18. Course Objectives The course aims to provide an understanding in Designing and implementing sample distributed systems How modern distributed systems meet the demands of contemporary distributed applications Distributed system programming models and algorithms Distributed system architectures Principles on which distributed systems are based

  19. Teaching Team MFS Office Hours • Tuesday, 3:00- 4:00PM. • Welcome when his office door is open. • By appointment. VKO Office Hours • Sunday, 1:30- 3:00 PM. • Welcome when his office door is open. • By appointment. Office Hours MHH • Thursday 11:00AM- 12:00PM. • Welcome when his office door is open. • By appointment.

  20. Teaching Methods Lectures (26) • Motivate learning. • Provide a framework or roadmap to organize the information of the course. • Explain subjects and reinforce the critical big ideas. Recitations (15) • Get students to reveal what they don’t understand, so we can help them. • Allow students to practice skills they will need to become competent/expert. Talks (2) • Guest Speakers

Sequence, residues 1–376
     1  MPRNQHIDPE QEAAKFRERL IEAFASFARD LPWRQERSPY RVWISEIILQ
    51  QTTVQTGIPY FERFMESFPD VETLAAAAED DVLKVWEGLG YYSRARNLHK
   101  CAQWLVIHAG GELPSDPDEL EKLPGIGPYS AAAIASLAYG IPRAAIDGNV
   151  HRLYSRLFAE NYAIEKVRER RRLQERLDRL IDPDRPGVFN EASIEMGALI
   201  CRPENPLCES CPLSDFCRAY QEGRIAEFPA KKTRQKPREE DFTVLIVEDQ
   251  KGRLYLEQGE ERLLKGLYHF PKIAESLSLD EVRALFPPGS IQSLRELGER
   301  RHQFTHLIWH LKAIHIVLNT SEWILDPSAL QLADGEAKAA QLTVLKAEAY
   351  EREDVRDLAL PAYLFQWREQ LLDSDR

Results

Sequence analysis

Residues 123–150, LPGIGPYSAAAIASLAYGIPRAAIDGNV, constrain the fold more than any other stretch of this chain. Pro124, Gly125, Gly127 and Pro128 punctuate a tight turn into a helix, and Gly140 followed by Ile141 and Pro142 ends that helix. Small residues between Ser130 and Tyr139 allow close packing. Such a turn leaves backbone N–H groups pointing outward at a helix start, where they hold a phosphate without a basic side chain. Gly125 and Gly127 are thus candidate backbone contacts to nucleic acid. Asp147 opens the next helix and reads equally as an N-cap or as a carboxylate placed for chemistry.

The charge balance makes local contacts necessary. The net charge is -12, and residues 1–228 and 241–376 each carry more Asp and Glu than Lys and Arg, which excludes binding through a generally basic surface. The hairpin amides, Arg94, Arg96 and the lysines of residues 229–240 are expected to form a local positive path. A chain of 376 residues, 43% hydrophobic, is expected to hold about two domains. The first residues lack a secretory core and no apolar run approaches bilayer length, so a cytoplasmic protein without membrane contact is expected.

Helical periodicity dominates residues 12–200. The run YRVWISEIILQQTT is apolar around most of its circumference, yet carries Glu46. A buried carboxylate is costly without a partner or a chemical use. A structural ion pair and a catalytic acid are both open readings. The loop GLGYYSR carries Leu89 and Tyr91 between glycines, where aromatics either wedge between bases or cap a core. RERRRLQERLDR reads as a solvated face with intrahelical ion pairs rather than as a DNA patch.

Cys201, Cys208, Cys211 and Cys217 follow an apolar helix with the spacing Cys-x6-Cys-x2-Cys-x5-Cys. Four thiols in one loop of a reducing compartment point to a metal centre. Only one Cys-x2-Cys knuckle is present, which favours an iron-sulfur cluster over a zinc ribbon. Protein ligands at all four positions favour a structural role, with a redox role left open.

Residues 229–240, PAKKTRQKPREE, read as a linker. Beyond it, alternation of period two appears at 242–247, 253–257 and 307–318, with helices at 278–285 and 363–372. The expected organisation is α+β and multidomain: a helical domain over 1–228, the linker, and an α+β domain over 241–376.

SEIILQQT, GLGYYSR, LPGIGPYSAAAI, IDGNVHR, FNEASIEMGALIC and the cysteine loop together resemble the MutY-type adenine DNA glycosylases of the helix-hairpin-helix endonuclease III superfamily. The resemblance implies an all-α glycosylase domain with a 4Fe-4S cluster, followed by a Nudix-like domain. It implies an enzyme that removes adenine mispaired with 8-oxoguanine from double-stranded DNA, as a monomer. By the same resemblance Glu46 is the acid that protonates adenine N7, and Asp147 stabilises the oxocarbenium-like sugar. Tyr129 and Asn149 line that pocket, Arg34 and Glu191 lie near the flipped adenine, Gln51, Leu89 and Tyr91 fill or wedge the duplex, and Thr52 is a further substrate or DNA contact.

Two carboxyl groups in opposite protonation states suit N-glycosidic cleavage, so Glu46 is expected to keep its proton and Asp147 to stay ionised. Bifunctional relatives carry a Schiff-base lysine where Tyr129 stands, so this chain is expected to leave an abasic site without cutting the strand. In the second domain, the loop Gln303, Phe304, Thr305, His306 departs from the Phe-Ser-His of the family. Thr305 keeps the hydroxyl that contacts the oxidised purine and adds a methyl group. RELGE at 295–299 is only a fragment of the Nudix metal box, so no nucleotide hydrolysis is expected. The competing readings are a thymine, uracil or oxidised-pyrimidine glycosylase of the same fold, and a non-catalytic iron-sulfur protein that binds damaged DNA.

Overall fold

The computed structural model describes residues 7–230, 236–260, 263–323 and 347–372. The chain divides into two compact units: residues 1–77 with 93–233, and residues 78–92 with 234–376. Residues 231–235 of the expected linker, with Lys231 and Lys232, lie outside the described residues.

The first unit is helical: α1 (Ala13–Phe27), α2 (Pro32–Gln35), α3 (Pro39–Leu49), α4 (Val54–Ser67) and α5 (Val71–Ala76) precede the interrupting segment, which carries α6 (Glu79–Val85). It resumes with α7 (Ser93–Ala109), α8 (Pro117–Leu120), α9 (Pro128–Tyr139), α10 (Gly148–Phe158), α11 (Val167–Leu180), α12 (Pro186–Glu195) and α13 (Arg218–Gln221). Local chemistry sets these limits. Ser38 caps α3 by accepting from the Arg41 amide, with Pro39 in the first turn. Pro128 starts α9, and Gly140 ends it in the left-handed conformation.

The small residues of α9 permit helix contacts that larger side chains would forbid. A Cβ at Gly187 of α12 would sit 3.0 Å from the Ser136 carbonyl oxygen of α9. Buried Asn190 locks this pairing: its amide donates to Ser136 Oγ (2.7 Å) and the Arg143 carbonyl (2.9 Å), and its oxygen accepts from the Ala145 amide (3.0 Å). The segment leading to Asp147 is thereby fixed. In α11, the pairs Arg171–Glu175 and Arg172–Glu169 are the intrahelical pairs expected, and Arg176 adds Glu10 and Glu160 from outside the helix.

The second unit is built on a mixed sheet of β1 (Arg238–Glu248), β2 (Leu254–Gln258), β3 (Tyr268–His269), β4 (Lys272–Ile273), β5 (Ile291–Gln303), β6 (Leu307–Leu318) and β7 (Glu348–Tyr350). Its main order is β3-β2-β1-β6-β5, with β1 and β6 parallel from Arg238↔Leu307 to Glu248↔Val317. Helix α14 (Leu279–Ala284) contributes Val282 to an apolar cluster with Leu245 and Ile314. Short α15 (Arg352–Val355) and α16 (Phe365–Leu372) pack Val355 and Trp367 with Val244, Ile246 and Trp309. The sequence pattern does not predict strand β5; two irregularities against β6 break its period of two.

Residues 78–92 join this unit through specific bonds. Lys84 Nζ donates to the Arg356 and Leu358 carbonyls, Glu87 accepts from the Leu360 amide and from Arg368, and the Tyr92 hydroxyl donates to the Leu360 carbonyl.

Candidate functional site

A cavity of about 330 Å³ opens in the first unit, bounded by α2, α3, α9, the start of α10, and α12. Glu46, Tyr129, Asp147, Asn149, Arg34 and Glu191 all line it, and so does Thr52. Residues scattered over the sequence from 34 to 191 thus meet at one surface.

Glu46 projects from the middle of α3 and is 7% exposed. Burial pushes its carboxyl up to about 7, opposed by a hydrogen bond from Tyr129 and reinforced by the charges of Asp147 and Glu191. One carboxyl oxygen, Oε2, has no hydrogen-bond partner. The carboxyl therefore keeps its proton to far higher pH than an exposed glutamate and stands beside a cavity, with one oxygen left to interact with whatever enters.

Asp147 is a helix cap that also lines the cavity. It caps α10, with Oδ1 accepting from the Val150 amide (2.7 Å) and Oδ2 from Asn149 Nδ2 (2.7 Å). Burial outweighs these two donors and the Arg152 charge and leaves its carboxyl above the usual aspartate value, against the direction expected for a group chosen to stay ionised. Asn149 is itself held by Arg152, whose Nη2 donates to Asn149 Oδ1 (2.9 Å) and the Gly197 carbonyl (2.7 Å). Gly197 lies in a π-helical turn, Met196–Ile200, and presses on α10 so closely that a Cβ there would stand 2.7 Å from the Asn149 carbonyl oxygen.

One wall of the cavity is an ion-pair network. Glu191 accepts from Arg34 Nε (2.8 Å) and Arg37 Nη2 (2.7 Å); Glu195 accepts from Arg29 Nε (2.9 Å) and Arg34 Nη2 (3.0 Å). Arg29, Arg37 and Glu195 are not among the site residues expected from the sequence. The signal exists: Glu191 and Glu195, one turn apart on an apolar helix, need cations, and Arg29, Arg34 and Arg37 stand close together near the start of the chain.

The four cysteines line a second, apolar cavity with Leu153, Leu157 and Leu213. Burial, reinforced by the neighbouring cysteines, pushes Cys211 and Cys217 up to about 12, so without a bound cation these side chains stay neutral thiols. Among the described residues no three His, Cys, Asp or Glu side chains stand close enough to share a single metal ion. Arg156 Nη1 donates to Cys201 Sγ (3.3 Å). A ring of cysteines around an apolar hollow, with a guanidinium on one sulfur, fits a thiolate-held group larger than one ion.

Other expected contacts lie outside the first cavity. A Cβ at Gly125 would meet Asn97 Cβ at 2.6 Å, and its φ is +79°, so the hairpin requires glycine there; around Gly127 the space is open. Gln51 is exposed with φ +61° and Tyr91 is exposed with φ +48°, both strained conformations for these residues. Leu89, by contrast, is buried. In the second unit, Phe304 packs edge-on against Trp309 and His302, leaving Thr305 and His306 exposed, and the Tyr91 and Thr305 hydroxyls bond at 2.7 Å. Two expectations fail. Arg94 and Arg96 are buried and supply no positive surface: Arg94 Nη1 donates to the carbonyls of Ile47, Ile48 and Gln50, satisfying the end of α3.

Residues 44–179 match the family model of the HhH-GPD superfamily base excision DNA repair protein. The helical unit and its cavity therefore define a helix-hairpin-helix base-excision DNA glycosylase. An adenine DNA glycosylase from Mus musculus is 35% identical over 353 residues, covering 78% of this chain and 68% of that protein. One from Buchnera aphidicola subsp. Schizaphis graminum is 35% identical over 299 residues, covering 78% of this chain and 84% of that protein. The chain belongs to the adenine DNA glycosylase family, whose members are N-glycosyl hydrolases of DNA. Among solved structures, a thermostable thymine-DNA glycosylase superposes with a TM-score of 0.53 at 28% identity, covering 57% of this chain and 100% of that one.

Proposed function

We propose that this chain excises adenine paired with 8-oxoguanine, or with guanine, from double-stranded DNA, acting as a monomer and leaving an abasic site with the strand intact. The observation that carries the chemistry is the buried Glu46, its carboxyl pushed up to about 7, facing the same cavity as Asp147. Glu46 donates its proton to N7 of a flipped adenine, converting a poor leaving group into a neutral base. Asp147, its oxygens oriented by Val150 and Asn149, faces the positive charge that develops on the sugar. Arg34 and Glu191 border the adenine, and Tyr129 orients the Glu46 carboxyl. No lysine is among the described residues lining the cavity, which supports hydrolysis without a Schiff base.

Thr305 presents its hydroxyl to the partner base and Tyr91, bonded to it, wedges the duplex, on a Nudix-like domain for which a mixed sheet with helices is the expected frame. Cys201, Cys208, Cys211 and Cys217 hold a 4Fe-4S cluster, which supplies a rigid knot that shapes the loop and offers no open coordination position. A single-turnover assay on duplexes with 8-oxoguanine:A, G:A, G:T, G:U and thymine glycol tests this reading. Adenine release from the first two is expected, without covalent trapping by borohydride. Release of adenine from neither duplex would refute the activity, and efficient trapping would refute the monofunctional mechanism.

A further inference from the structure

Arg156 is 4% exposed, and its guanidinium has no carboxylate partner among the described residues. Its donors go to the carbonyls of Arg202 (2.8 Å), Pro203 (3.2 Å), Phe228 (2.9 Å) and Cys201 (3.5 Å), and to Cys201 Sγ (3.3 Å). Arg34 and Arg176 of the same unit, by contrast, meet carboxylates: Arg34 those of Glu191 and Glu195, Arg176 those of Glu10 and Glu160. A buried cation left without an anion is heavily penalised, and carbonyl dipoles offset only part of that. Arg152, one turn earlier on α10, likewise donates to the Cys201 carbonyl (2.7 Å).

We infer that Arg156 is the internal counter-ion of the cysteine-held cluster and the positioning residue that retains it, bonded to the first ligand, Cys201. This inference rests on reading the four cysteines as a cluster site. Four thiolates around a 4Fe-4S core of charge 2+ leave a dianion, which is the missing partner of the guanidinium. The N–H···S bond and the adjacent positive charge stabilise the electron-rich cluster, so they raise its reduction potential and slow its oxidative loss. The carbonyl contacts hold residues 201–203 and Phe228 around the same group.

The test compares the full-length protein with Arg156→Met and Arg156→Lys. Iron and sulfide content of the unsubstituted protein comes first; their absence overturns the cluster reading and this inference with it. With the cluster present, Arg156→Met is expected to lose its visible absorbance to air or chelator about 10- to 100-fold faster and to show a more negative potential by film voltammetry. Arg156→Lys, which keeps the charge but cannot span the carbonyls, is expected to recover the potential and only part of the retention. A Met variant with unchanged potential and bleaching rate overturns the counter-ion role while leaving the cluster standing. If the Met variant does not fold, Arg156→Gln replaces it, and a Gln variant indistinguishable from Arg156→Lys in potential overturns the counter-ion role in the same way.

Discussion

21. Projects Assignments • 4 required problem solving and reading assignments. • 5 extra credit problem solving and reading assignments. Projects • 4 large programming projects.

  22. Projects • For all the projects except the final one, the following rules apply: • If you submit one day late, 25% will be deducted from your project score as a penalty. • If you are two days late, 50% will be deducted. • The project will not be graded (and you will receive a zero score) if you are more than two days late. • There will be a 3grace day quota.

  23. Assessment Methods • How do we measure learning?

  24. Target Audience and Prerequisites • Target Audience: • Seniors • Prerequisites: • 15-213 • Students should have a basic knowledge of computer systems and object-oriented programming.

  25. Text Books • The primary textbooks for this course are: • Andrew S. Tannenbaum and Maarten Van Steen, Distributed Systems: Principles and Paradigms, 2nd E, Pearson, 2007. • George Coulouris, Jean Dollimore, Tim Kindberg, and Gordon Blair, Distributed Systems: Concepts and Design, 5th E, Addison Wesley, 2011 • James E. Smith, and Ravi Nair, Virtual Machines: Versatile Platforms for Systems and Processes, 1st E, Morgan Kaufmann, 2005. • Reference Book: • Tom white, Hadoop: The Definitive Guide, 2nd E, O’Reilly Media, 2011

  26. Next Lecture We will discuss the trends in distributed systems and the challenges encountered when designing such systems. Questions? Thanks!